Whilst your employees might be counting down the days to
their annual break, if you’re an employer there can be all sorts of reasons to
dread the annual exodus – not least the payroll implications. So, what must we
bear in mind in terms of holiday pay rights and calculations?

Well the first thing to say is this has been a recurring
tribunal topic of recent years so the risks of getting it wrong are significant
in terms of reputational damage. In summary this is because the definition of a
‘week’s pay’ (the Employment Rights Act (ERA) 1996 s16/Employment Rights Order
(ERO) in Northern Ireland) has been the subject of much re-interpretation since it was first
challenged in a case relating to flying allowances paid to pilots covered by the
Civil Aviation Directive but the read across to the Working Time Directive was
key as was the ruling that any payment ‘intrinsically linked to the performance
of the contract and which relates to the worker’s personal and professional
status” must be included in holiday pay – not just basic pay. Since then
successive court cases have ruled that the following pay elements must be included
in holiday pay:

  • Guaranteed overtime (Bamsey v Albon Engineering
    & Manufacturing plc)
  • Compulsory overtime and travel allowances (Bear
    Scotland v Fulton
  • ‍Commission (Lock v British Gas)
  • ‍Regular voluntary overtime*, standby payments,
    call-outs and travel allowances (Willetts V Dudley MBC and Flowers
    v East of England Ambulance Trust

*overtime performed once every four weeks was considered
regular enough to be included

Just to make matters more complex, the Working Time
Directive (WTD) from which the UK’s Working Time Regulations flow, defines the
holiday pay required to be paid for the 20 days’ EU statutory leave as being
based on ‘normal remuneration’, not just pay that is contractual. A number of
holiday cases including have been considered by the European Court of Justice
(ECJ), so we have different definitions for what must be included in holiday
pay for:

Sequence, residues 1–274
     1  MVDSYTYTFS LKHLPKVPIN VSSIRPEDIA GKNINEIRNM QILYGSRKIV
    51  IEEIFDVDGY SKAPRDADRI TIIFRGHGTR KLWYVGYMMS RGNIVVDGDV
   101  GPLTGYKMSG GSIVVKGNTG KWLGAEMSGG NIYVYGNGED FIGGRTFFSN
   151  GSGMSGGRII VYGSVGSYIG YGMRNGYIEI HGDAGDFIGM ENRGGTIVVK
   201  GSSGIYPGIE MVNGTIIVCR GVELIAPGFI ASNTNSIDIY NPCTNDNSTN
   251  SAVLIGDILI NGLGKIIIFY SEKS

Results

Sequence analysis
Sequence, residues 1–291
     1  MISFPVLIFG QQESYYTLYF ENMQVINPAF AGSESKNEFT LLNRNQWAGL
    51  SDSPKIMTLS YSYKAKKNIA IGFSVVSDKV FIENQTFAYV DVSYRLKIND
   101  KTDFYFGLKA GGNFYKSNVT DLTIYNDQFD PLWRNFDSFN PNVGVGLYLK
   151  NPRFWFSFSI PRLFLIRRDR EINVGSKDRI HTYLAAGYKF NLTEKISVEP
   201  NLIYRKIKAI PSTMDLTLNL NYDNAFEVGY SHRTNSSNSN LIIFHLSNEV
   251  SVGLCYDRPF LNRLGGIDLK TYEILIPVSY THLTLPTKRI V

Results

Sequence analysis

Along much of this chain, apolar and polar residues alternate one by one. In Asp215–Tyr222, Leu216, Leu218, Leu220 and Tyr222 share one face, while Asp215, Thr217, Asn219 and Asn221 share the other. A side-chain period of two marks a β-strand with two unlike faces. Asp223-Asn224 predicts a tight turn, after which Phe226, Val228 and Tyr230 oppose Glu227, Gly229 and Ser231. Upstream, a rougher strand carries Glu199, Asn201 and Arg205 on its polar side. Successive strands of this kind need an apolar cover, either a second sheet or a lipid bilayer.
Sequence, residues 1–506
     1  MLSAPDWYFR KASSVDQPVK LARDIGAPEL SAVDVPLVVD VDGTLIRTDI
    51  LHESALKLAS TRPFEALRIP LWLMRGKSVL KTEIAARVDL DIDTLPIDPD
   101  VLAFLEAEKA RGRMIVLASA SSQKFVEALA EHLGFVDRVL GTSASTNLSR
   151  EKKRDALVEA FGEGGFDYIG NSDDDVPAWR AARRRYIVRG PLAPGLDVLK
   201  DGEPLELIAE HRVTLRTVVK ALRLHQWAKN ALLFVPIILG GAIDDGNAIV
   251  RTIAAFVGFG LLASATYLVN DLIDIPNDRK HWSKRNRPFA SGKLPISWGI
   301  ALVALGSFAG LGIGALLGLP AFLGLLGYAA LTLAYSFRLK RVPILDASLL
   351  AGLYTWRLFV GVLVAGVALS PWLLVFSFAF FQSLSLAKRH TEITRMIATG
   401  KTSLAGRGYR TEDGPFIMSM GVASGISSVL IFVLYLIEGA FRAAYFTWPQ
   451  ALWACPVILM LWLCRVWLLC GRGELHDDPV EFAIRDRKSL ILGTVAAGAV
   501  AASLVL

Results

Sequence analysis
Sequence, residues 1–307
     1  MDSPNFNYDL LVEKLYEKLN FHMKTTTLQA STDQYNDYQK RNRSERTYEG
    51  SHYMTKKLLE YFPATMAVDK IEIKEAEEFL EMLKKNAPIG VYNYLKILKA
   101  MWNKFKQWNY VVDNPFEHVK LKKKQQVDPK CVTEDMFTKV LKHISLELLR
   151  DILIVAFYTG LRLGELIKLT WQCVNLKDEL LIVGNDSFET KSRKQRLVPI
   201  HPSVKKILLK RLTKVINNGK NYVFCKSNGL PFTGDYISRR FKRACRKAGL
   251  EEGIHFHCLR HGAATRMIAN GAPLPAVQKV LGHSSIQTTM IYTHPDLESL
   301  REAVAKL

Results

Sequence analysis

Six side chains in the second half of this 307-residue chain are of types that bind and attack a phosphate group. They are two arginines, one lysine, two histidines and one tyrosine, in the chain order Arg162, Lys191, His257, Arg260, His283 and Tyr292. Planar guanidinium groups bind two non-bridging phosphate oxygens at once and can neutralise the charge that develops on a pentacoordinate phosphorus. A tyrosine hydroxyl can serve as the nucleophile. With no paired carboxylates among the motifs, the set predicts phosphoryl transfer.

• The first 20 days per year of annual leave – ‘normal remuneration’ (WTD)
  • ‍The next 8 days – ‘a week’s pay’ (ERA/ERO)
  • Any additional contractual holiday over 28 days – definition of pay at the employer’s discretion‍

This brings the thorny question of cost versus complexity.
Does the employer want to have the same generous definition of holiday pay for
all periods of annual leave to simplify systems and processing, or does the
cost overhead mean three different holiday calculations might need to be

Historically, if holiday pay equated to basic pay there was
no need for the payroll or HR teams to know when a salaried employee was on
holiday, the line manger could manage entitlement  and basic salary would be received. Now salaried
staff who have any variable pay elements that fit the ‘intrinsically linked’
definition require annual leave to be reported and a calculation to be
undertaken. But over what period does the variable element need to be averaged?
Some employers have taken the view that as the courts have not determined an
averaging period then there is no action yet needed.  There certainly seems to be no appetite to
give any further direction on this and the cases keep coming to tribunal
(particularly now that fees have been abolished) so what are the options?

  • For employees with variable working patterns or no contractual hours at all the Working Time Regulations look to s224 of ERA and require that pay and hours be averaged over the 12 weeks prior to the holiday period
  • ‍It has been common practice for some employers with  irregularly paid employees to shortcut the 12-week calculation by paying holiday pay at a rate of 12.07% for every hour worked

There has not been any challenge to the first approach even
for salaried staff as it is enshrined in the ERA, it is equally acceptable to
go back further than 12 weeks for example to ‘smooth’ pay peaks such as
quarterly commission. In fact, the Government is consulting on extending the
statutory averaging to 52 weeks. The second approach is more problematic. Lawyers
are split on  the legality of paying holiday
pay each period, even if it is shown transparently as a separate amount. They
point to the Directive requiring four weeks' leave to be taken away from the
workplace and the government’s statement therefore that any form of rolled up
holiday pay was in contravention of the Directive, which they have cemented by
rejecting Mathew Taylor's report suggesting it should be an option for gig
economy workers.

Now the 12.07% calculation itself has been questioned in
Court in the case of Brazel
v Harpur Trust
. Ms Brazel as a term-time  worker only worked 32 weeks a year so her
holiday pay as a percentage of the working year was 17.5%, giving a legal
windfall to part-timers unless the 12-week calculation is used for

With all these holiday challenges it's certainly the case
that HR and payroll professionals will value their time away from the